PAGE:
As we witness the societal transformation needed to limit the spread of COVID-19, we are reminded of the important role humans play in the defence and mitigation of cyber attacks on our networks. The criticality of human compliance in supporting the organisation’s security needs through life is so often only realised in the aftermath of a catastrophic cyber event.
For those charged with developing robust security frameworks for intensely regulated high threat environments, it is essential to ensure that four key elements are aligned:
- The organisation’s business goals
- The technology and processes that enables those business goals
- The cyber security protecting those enablers
- The supporting security behaviours of every employee.
These frameworks must be fluid and agile, allowing for planned changes in the technology landscape such as Industry 4.0 (outlined below), as well as in cases of sudden and unforeseen circumstances, such as COVID-19.
Industry 4.0: The cyber-enabled utilities sector
The 4th industrial revolution (Industry 4.0) saw the convergence of corporate IT networks with operational technologies; two completely separate systems which were designed, built and operated in isolation. The intention was to address specific business challenges such as competitive advantage in an overcrowded sector, intense regulatory oversight and the government’s ‘NET ZERO’ contribution to halt global warming.
These newly converged IT/OT networks were highly successful at enabling business goals, providing greater efficiency, centralised reporting and holistic performance metrics. But the cyber security underpinning these business-enabling technologies suddenly had a much wider cyber-attack surface area, and new vulnerabilities emerged in otherwise protected systems. Employees may not have been aware of this critical vulnerability and the four core elements mentioned above were now perilously misaligned.
Many high profile cases soon emerged of relatively simple cyber-attacks shutting down major international utilities companies all over the world; resulting in substantial regulatory penalties, costing millions in production downtime and eroding public trust. Many of these security breaches were traced back to an employee absent-mindedly clicking on a corrupt weblink, or opening an email attachment without giving it any thought.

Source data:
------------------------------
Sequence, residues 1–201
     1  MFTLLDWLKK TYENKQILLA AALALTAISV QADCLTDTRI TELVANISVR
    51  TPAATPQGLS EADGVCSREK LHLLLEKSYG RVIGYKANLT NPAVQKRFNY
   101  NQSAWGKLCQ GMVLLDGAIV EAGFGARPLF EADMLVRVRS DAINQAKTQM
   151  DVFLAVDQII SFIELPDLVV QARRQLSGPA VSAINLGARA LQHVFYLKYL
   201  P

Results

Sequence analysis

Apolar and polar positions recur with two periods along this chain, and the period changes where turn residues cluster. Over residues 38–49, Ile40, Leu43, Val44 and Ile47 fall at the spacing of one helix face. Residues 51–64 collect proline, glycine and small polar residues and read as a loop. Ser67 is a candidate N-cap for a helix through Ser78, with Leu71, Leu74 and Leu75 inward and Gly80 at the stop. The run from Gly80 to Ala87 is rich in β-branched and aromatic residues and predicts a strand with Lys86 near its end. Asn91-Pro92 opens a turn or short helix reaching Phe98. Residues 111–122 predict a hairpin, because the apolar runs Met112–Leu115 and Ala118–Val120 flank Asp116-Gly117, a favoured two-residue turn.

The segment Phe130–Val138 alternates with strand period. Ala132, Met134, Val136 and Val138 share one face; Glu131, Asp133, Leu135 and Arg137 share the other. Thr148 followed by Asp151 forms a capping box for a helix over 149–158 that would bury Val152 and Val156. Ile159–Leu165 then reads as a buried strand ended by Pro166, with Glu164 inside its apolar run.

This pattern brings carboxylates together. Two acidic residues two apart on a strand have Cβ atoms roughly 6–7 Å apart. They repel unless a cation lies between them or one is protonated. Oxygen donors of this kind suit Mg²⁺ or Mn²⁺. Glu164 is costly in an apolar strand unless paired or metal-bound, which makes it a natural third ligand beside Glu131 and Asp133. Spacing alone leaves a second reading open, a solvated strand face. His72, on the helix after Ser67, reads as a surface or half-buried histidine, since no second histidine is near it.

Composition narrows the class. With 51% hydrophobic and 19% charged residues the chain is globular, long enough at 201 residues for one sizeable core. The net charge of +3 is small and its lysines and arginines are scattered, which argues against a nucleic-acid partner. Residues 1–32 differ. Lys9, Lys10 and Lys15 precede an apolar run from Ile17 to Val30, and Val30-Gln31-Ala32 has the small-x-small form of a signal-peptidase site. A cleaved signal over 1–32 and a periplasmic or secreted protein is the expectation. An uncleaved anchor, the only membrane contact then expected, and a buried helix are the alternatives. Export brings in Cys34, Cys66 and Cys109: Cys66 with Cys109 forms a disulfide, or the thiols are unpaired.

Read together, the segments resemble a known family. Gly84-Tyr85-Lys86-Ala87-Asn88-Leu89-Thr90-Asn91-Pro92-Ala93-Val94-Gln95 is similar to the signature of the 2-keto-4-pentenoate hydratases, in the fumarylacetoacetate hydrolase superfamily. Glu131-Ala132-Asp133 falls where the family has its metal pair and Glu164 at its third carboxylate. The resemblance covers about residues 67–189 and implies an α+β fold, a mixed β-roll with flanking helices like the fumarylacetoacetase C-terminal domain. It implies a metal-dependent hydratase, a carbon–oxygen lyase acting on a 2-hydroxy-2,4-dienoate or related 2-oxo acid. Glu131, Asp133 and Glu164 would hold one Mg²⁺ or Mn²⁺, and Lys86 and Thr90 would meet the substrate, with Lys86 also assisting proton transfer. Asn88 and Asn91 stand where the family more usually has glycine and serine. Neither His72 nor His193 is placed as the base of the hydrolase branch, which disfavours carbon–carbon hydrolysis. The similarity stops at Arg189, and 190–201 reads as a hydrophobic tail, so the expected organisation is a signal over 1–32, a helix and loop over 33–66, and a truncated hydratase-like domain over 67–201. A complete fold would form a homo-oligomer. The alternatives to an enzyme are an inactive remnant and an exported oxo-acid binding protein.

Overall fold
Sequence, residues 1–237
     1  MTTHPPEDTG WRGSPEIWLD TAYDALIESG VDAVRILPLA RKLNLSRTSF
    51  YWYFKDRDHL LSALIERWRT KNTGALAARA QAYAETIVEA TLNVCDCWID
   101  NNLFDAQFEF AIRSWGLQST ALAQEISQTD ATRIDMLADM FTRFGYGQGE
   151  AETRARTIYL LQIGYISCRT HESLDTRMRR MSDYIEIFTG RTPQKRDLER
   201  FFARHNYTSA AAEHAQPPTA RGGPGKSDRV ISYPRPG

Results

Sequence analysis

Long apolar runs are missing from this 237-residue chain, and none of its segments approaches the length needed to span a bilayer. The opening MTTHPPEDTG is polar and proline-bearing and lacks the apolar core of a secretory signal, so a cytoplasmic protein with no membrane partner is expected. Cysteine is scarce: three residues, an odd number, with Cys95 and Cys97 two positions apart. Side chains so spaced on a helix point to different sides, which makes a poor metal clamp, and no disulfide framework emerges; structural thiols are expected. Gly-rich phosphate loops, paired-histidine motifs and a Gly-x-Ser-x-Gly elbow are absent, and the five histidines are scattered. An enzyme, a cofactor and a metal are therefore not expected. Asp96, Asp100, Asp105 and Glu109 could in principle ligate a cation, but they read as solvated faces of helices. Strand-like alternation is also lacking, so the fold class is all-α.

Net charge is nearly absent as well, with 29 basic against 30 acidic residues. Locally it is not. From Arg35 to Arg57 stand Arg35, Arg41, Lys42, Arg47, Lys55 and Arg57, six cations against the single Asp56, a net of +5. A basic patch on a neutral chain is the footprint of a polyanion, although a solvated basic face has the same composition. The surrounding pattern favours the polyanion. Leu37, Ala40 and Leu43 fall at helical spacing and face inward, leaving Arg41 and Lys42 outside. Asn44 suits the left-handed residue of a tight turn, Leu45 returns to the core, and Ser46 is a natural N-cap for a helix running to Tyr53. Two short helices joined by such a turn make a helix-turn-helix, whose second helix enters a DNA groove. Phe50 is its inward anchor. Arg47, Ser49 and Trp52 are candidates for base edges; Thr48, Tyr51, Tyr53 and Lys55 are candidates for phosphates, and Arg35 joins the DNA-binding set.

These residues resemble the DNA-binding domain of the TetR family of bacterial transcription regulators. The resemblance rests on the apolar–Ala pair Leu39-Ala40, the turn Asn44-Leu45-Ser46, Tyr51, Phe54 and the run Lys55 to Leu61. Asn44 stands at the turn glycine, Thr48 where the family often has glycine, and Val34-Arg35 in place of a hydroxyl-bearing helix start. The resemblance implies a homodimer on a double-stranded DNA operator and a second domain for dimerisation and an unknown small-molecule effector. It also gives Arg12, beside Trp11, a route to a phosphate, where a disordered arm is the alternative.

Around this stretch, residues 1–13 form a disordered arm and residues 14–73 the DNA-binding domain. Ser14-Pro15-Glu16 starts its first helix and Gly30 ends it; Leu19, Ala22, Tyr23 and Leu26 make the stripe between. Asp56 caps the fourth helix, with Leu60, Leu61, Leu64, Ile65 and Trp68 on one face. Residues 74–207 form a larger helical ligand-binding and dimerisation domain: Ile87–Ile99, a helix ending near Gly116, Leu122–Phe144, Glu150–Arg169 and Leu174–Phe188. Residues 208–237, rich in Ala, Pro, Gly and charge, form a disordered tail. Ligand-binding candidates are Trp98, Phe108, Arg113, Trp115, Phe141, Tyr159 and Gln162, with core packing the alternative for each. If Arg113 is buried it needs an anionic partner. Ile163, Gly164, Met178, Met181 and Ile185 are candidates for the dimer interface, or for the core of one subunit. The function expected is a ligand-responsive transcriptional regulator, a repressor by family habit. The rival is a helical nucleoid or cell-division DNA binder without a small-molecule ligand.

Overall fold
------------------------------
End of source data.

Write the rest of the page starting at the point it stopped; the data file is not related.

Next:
It was found that in the pursuit of converging IT/OT networks to achieve business goals, critical security implications had been overlooked, with devastating consequences that far outweighed the intended benefits.
COVID-19: Impact on the technology landscape and security behaviours
When lockdown was announced to contain the spread of COVID-19, many organisations rushed to implement new business-enabling technologies such as VPN solutions to allow employees to work from home. In normal circumstances, security approaches exist to manage this process effectively – but in the case of COVID-19, where rollouts need to be completed in a hurry, managers under pressure may be tempted to improvise new procedures as a ‘sticking plaster’ and security is often pushed to the side. With there being no time to prepare for this sudden disruption, employees could now be logging in to critical systems unsupervised from home, over non-managed wireless connections and using untrusted devices. Poor security behaviours that develop as a result may become embedded as ‘business as usual’ and employees may come to expect them as ‘the new normal’. The longer these poor behaviours continue, the more difficult they will be to correct later on.
Managing security perceptions, attitudes and behaviours in people